Swakopmund (often shortened by locals and visitors to Swakop) is a rather odd town to come across in the middle of an African desert! Founded by German settlers, the town still retains a Germanic feel, especially in the rather quaint architecture, which is certainly more European in style than African.

Things to do in Swakop include buggy rides and sand-surfing on the dunes, flights over the desert and Skeleton Coast, and shopping (there are some excellent craft shops). It’s also the ideal place to catch up on those essential travellers’ tasks of laundry and emailing! But we didn’t (in July) get a real sense of it as a seaside resort, although the ice-cream we had one afternoon was very welcome.

We were there in July, the Namibian winter, so the town was fairly quiet, but apparently in December and the other summer months it is invaded by families and other holiday-makers from Windhoek, so it’s essential then to plan ahead.

Review Helpfulness: 4.5 out of 5 stars

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  • Written Jan 13, 2007
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Dune 45 - Namibia

Dune 45

Climb Dune 45 Desert and dunes Review

OK I have to be honest – I didn’t climb Dune 45, but Chris did and told me all about it, so I figure I know enough to describe it here! Basically it’s a huge pile of sand and you climb up it – and if you think that sounds easy you’ve obviously never walked on even a small seaside dune. For every step you take forwards you slip almost the same amount backwards, which means it takes a very long time and a lot of effort to get to the top. And this is no ordinary dune – it’s one of the largest in the Namib Desert, at over 150 metres high. From the top (apparently) you get a great view of red sand in waves of dunes on all sides.

If you blow up my photo and peer at it carefully, Chris is the small figure just to the right of the dark shaded area at the top of the dune!

Directions: On the Sossusvlei road, 45 km from Sesriem - hence the name!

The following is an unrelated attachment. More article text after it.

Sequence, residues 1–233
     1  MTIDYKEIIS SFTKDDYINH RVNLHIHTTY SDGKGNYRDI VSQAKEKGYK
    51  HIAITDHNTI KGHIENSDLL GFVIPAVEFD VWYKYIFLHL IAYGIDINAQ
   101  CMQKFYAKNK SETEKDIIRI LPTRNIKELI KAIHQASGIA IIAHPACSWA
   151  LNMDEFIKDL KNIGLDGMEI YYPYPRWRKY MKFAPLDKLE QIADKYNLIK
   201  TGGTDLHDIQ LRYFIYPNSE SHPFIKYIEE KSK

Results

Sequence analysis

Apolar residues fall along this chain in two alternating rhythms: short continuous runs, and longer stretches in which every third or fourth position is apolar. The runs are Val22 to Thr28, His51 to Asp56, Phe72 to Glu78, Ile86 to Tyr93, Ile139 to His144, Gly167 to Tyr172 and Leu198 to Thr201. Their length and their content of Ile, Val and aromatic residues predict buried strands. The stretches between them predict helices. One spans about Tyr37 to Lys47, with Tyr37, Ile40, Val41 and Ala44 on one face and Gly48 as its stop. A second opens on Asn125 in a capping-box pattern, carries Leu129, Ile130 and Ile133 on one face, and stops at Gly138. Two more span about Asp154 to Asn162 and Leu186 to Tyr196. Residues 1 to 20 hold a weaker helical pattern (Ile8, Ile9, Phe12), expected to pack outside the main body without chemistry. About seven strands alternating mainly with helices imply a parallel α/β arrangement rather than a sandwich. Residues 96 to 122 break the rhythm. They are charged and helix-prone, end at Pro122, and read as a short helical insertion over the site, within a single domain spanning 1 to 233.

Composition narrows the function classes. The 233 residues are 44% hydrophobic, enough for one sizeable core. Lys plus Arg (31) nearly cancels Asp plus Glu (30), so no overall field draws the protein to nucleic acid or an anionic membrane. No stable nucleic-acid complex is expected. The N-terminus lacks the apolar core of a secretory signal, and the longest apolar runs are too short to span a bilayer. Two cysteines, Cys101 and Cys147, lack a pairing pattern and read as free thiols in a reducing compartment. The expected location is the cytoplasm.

Website: http://www.namibian.org/

Review Helpfulness: 4.5 out of 5 stars

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  • Updated Dec 23, 2006
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Hercules (cheetah) - Namibia

Hercules (cheetah)

Africat Foundation Cheetah Parks Review

The AfriCat Foundation ia a non-profit organisation, based at Okonjima. It is devoted to the conservation of cheetahs & leopards, rescuing animals that have been trapped by local farmers; providing humane housing, treatment and care for orphaned and injured animals; educating visitors and local people, especially farmers and school-children, about the animals they protect.

They provide a home and care for animals that currently cannot be released back into the wild. These are often orphaned cubs that are too young to cope on their own. These have either been captured without their mothers or their mothers have been killed. Others are animals that have been in captivity elsewhere and have become habituated to people or completely tame, making them unsuitable for release.

Most of the cheetahs and leopards that have suffered injuries are returned to the wild after recuperation, but in cases where the injuries have been too extensive, the cats have had to remain in captivity. The animals are housed in spacious enclosures of between five and four hundred acres in a natural, stress-free environment.

We visited the Foundation as part of our package while staying at Okonjima. We went first to see the clinic and food preparation area, and then went into the cheetahs’ huge enclosure in jeeps which were delivering their food (very large and bloody joints of game!) I’d imagined that we’d be lucky to spot a few cheetahs in the distance but that wasn’t the case at all. The animals have learned to associate the noise of the vehicles with food and soon came running towards us. It was a fantastic experience to see how fast and how beautifully they run, and then to be able to watch them from such a close distance – at times only a metre from the jeep. If you love big cats, this is really a must-see place on any visit to Namibia.

You can also adopt a cheetah, leopard or other animal – visit the website (below) to find out more.

Directions: On the farm of Okonjima, near the town of Otjiwarongo

Phone: 067 304566

Website: http://www.africat.org

Review Helpfulness: 4.5 out of 5 stars

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  • Updated Dec 23, 2006
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Petrified tree trunk - Namibia

Petrified tree trunk

The Petrified Forest Damaraland - Rock Art, Brandberg Review